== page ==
In its current form it’s obviously only useful for accepting text input, so I tend to see it used in cases where a small bit of text input is needed - i.e. not in cases where some other data is needed at the same time. You could do that with sequential prompts, but it would be terrible UX. As an example, glitch.com uses it when renaming files in the file tree.

If you look at those stack overflow links, you can see that many hundreds of thousands of developers are wanting to use confirm() but struggling with the lack of customizability. Many just want to have two buttons: “yes” and “no”.

I’ve had that problem before too, when all I wanted to do was ask the user whether they wanted a high-quality render, or a low-quality/fast render. I could have asked “Would you like a high-quality render? It will take a bit longer.”, but okay/cancel doesn’t work because “cancel” sounds like it means “cancel the whole task”. Later, I added a third render method, and in that case a simple drop-down menu with three items (or a prompt with 3 buttons) would have been perfect.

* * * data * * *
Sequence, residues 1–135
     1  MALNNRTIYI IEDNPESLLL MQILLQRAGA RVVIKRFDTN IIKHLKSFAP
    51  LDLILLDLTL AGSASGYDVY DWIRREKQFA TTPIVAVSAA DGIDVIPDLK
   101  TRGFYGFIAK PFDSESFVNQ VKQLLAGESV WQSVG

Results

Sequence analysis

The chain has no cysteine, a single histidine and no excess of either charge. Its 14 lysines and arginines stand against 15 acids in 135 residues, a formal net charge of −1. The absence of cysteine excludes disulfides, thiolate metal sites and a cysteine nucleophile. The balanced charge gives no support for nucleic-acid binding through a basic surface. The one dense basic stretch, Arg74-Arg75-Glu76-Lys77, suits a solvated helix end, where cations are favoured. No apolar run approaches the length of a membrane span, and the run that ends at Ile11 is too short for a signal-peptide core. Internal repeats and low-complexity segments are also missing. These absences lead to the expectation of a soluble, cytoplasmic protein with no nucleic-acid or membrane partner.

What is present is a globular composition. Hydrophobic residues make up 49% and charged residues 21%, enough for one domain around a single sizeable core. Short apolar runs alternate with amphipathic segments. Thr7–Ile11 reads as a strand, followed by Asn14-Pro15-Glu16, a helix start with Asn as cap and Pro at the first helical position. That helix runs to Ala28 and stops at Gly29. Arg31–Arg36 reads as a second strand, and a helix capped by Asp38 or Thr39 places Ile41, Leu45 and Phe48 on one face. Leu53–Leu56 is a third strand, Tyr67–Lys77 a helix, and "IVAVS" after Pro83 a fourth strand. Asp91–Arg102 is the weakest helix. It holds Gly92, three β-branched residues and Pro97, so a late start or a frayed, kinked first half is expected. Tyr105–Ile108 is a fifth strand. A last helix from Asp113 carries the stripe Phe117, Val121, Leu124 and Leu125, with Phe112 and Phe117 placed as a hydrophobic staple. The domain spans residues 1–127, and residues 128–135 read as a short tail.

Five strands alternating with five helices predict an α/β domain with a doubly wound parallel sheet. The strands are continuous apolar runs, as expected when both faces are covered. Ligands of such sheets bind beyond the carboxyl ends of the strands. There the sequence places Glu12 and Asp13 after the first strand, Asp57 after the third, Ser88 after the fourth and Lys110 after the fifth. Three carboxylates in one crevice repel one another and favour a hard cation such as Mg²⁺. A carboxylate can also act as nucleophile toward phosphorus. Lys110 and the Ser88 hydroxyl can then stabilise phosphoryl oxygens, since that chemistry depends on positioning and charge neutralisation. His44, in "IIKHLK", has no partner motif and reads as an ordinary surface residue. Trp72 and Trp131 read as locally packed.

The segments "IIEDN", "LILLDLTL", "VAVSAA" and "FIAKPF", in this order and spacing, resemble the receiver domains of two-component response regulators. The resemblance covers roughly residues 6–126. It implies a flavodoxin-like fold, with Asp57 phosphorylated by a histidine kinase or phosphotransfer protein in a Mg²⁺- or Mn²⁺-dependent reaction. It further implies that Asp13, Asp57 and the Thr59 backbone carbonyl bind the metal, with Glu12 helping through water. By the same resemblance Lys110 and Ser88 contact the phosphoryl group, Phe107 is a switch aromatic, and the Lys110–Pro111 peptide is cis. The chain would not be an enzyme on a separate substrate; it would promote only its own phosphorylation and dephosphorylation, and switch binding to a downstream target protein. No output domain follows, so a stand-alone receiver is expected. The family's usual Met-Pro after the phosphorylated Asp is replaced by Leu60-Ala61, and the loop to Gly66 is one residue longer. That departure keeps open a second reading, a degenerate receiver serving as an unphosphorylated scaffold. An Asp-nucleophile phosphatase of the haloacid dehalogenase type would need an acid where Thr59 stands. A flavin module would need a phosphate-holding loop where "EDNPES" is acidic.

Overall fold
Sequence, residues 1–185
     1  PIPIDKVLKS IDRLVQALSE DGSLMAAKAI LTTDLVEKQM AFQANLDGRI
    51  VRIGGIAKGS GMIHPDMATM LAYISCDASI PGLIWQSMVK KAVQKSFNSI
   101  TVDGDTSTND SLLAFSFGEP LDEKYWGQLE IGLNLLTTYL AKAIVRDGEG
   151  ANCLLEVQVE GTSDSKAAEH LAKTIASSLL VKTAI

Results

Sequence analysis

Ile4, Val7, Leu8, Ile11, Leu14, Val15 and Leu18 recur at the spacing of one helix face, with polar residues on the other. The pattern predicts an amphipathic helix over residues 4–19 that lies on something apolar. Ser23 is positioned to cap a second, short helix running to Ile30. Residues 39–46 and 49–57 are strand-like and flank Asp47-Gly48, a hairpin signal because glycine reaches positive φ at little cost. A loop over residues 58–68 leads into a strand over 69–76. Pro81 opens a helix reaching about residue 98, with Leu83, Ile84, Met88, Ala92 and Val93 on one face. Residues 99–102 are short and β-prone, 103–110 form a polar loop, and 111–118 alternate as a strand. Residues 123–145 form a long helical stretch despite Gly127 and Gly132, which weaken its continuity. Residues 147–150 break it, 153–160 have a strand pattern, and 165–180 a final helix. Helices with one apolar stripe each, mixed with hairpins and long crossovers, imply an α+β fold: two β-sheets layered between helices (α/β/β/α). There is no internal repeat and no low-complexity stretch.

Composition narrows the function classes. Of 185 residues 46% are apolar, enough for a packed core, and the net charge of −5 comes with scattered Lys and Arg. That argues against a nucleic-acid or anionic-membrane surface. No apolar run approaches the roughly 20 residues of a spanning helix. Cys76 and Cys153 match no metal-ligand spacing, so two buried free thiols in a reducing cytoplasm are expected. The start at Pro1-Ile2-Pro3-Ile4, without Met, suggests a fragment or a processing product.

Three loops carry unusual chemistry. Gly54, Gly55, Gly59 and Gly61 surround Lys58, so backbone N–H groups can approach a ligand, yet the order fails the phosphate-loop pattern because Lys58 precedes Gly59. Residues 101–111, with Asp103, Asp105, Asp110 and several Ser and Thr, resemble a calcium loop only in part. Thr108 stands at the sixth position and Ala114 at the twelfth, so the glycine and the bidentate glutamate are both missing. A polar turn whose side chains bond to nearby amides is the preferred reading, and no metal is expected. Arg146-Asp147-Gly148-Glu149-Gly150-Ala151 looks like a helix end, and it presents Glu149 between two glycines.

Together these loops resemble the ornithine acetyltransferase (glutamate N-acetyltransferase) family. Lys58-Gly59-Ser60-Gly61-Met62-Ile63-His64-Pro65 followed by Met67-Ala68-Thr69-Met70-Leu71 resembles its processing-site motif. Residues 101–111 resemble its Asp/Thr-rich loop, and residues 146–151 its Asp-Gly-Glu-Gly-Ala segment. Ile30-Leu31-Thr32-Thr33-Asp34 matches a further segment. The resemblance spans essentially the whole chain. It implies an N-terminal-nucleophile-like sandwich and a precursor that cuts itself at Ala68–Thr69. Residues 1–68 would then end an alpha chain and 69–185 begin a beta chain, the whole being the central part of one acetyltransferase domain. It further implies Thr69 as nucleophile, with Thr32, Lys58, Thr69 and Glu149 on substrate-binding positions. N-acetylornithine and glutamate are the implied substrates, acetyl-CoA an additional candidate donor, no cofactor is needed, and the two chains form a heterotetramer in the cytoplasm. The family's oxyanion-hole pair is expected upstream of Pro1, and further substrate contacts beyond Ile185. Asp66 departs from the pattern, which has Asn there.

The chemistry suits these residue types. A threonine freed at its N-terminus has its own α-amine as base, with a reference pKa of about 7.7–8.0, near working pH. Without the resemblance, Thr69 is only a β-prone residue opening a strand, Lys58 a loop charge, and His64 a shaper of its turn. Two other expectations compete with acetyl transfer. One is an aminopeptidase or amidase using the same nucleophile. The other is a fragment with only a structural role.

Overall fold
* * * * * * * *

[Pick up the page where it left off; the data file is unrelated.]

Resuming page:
The main use case for me though would be in being able to quickly whip up demos and non-user-facing tools. It’s super handy when I’m coding up some sort of simulation thing, and I don’t want to have to worry about the DOM at all. I just want to ask the user (usually me, in this case) something like “How many iterations?” or “Resolution?” and prompt() works well for that in a lot of cases. Having a drop-down menu would help in cases where the question is “Which algorithm? (foo, bar, blah)” and I’ve got to type in the one I want.

Also, it’s interesting that Deno is adding (or has added?) support for confirm and prompt. So if other input methods were added, that might be something worth thinking about. For example, adding a range slider might be interesting to implement via a command line interface. Although now that I think about it, you’d just use the arrow keys to slide along.

I think your example is both great and kinda answers your own question… in the sense that you can create the prompt you want using the form primitives already provided.

You can also use the tag to solve your proposed use case: Allowing you to create more complex pop-up UIs with forms.